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  • Writer's pictureGeorge Fotiou

Tuck in for a Long Winter’s Night

We were warned by health experts that the coronavirus outbreak would get worse with the flu season – and here we are. The pandemic has taken a huge toll on the lives of nearly every American. Some have suffered sickness and loss of life. Some have lost their jobs, businesses, or customers.

What happens from here? It appears that much of the winter months will likely be spent in the confines of our homes. Between cooler weather, pandemic restrictions, and regular flu and cold season, it could be a challenging winter. (1)

One thing you can do during the icy season is to tackle a project or two you’ve been putting off. Maybe it’s an insurance review, or perhaps legacy planning. Or, just organizing your financial life into cabinet files or a master binder. Make it easy for you and your loved ones to find important documents and understand what to do when there are major life changes. If we can help you with an insurance review or legacy planning using today’s flexible insurance products, feel free to give us a call.

In the meantime, consider the effects that long periods of isolation can have on mental health. Normally, we get plenty of engagement without much effort — daily watercooler chats at work, running into people at the store, meeting new friends, enjoying old friends, going to a movie, or traveling abroad. Without the ability to fully engage in these activities due to the pandemic, many people may suffer both mental and physical decline. (2)

Experts are calling the population’s exasperation with the nearly yearlong coronavirus worries “pandemic fatigue.” In particular, the lack of governmental continuity across towns, counties, and states can cause resentment, as some people are forced to observe health care protocols while others go on with their daily life. Many people working from home or who live alone and previously relied on community activities for social engagement may now be experiencing feelings of isolation and loneliness. This is particularly true for older people. (3)

While the first few months of the pandemic may have offered an opportunity for home projects, more interactive family time, catching up on reading, and personal reflection, most people are well past their patience for these types of activities – especially during the holiday season.

Now working from home, many of America’s employees have embraced the dress code of “coronavirus casual.” This means less grooming, fewer cosmetics, lots of sweat pants, T-shirts and even starting the workday in pajamas. Unfortunately, the way we look often reflects the way we feel. Therefore, not having a reason to spruce up every day can make us feel as dowdy as we often look in a work-live-play-at-home situation. (4)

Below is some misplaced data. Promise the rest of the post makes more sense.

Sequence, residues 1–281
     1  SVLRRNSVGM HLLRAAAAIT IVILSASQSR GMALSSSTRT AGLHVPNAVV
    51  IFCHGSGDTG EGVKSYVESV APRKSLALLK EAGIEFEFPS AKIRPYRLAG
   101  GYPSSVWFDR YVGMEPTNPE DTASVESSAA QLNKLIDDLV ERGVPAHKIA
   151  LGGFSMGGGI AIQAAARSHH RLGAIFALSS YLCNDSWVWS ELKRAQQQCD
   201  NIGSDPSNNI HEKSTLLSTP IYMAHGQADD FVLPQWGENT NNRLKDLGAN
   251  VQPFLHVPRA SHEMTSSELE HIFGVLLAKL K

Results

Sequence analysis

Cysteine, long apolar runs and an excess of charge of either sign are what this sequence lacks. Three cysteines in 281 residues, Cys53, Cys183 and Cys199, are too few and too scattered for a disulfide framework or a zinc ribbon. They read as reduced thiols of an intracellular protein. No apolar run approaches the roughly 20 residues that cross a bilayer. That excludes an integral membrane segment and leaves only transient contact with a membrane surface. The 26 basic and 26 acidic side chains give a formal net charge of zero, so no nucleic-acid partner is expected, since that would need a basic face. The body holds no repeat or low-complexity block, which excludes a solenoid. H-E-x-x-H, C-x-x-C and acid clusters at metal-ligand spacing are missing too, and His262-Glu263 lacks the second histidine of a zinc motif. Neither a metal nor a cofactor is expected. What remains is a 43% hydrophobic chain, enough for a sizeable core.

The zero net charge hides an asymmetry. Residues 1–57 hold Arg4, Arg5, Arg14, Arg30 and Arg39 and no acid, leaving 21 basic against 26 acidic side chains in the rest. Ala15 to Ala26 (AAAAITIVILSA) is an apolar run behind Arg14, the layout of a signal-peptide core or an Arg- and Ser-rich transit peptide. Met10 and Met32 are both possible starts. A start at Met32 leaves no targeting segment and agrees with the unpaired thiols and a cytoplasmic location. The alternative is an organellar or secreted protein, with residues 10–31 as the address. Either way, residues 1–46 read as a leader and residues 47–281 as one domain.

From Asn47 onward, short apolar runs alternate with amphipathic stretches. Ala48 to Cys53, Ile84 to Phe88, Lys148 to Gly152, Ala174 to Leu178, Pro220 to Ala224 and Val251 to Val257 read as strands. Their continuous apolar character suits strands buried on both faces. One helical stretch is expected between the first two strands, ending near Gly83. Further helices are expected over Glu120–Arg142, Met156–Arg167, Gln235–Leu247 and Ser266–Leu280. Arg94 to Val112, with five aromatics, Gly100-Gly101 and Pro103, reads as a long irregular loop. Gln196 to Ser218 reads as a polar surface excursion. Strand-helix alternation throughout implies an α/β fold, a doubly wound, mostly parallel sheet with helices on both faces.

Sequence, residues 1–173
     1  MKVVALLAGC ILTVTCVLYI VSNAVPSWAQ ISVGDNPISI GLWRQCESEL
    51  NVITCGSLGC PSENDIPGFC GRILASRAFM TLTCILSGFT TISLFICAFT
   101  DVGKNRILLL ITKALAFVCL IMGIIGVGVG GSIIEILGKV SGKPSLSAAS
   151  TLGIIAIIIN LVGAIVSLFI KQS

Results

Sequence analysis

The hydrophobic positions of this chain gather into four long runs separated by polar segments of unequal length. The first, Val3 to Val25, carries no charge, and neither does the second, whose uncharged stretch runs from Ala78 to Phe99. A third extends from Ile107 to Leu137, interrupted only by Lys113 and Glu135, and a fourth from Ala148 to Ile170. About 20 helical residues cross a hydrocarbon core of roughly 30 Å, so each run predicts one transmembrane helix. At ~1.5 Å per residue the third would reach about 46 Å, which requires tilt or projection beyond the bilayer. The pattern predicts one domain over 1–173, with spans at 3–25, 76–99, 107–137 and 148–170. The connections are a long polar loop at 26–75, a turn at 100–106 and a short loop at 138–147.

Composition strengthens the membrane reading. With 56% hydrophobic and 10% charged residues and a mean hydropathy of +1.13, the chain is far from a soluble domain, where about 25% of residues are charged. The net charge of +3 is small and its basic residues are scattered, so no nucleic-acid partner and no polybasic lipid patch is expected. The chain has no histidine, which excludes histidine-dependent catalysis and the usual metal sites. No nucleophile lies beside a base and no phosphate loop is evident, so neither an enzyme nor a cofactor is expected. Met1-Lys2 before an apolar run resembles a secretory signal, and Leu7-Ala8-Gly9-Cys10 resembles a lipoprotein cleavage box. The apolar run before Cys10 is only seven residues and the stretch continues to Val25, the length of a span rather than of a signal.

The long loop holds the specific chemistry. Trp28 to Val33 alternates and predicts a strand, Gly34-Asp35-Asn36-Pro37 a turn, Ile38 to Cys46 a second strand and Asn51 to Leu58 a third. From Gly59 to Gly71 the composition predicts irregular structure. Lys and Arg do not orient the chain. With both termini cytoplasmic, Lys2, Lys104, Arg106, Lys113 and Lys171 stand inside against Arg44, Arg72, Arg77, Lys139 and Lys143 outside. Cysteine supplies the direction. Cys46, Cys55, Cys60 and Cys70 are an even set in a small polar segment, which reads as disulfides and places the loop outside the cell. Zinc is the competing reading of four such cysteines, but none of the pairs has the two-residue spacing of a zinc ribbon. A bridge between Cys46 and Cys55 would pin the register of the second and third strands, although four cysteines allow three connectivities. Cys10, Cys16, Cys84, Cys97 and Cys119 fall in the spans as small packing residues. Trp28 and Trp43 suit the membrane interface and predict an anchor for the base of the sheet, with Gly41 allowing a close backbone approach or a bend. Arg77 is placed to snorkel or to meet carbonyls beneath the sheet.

While some folks are sad, others are angry. Scientists say that harnessing feelings of anger can motivate us to be more productive. (5) We want change and we want it now, but rather than trying to control something out of our control, perhaps that passion can be channeled into a creative endeavor. Focusing on a new skill, such as playing a musical instrument or learning a foreign language, is one way to be productive and “change” a situation that is within your control.

Scientists say that with intense focus, complete immersion in an activity produces a mental state known as “flow.” Research shows that people who experience flow report higher levels of creativity, productivity, and happiness. This might be just the ticket to get us through the long months ahead. (6)

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1 Sonia Fernandez. World Economic Forum. Oct. 27, 2020. “Winter is coming: Here’s what it’ll mean for the spread of COVID-19.” Accessed Dec. 3, 2020.

2 Christian van Nieuwerburgh. World Economic Forum. Nov. 4, 2020. “6 evidenced-based ways to look after your mental health during a second lockdown.” Accessed Dec. 3, 2020.

3 Jay Maddock. CNN. Nov. 12, 2020. “Has pandemic fatigue set in? Here’s why you might have it.” Accessed Dec. 3, 2020.

4 Wendy Wallner. Ipsos. Aug. 25, 2020. “Will COVID casual become a permanent fashion look?” Accessed Dec. 3, 2020.

5 Susan Peppercorn. Harvard Business Review. Nov. 2, 2020. “How to Stay Creative When Life Feels Monotonous.” Accessed Dec. 3, 2020.

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